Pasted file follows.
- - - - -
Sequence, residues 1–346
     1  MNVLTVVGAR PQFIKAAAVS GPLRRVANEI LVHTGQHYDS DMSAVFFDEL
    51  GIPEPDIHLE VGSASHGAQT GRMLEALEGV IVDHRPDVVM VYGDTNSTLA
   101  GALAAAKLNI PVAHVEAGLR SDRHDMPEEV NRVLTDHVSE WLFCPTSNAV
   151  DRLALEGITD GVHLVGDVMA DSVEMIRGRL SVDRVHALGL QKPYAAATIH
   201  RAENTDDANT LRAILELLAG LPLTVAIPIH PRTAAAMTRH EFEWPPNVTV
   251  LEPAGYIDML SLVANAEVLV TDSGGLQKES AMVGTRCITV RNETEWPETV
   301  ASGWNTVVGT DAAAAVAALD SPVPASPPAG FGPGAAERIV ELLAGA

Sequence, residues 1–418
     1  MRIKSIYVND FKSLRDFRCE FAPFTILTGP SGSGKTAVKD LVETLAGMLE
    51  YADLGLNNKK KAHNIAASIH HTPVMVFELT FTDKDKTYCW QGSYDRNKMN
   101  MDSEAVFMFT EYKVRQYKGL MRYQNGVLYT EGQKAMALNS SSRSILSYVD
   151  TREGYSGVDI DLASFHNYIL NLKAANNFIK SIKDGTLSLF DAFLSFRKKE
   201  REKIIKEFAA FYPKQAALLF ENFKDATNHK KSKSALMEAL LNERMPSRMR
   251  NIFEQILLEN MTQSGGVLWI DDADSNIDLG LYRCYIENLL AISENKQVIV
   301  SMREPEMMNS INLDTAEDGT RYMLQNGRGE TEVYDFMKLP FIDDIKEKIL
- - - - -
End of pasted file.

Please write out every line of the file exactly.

Sequence, residues 1–346
     1  MNVLTVVGAR PQFIKAAAVS GPLRRVANEI LVHTGQHYDS DMSAVFFDEL
    51  GIPEPDIHLE VGSASHGAQT GRMLEALEGV IVDHRPDVVM VYGDTNSTLA
   101  GALAAAKLNI PVAHVEAGLR SDRHDMPEEV NRVLTDHVSE WLFCPTSNAV
   151  DRLALEGITD GVHLVGDVMA DSVEMIRGRL SVDRVHALGL QKPYAAATIH
   201  RAENTDDANT LRAILELLAG LPLTVAIPIH PRTAAAMTRH EFEWPPNVTV
   251  LEPAGYIDML SLVANAEVLV TDSGGLQKES AMVGTRCITV RNETEWPETV
   301  ASGWNTVVGT DAAAAVAALD SPVPASPPAG FGPGAAERIV ELLAGA

Sequence, residues 1–418
     1  MRIKSIYVND FKSLRDFRCE FAPFTILTGP SGSGKTAVKD LVETLAGMLE
    51  YADLGLNNKK KAHNIAASIH HTPVMVFELT FTDKDKTYCW QGSYDRNKMN
   101  MDSEAVFMFT EYKVRQYKGL MRYQNGVLYT EGQKAMALNS SSRSILSYVD
   151  TREGYSGVDI DLASFHNYIL NLKAANNFIK SIKDGTLSLF DAFLSFRKKE
   201  REKIIKEFAA FYPKQAALLF ENFKDATNHK KSKSALMEAL LNERMPSRMR
   251  NIFEQILLEN MTQSGGVLWI DDADSNIDLG LYRCYIENLL AISENKQVIV
   301  SMREPEMMNS INLDTAEDGT RYMLQNGRGE TEVYDFMKLP FIDDIKEKIL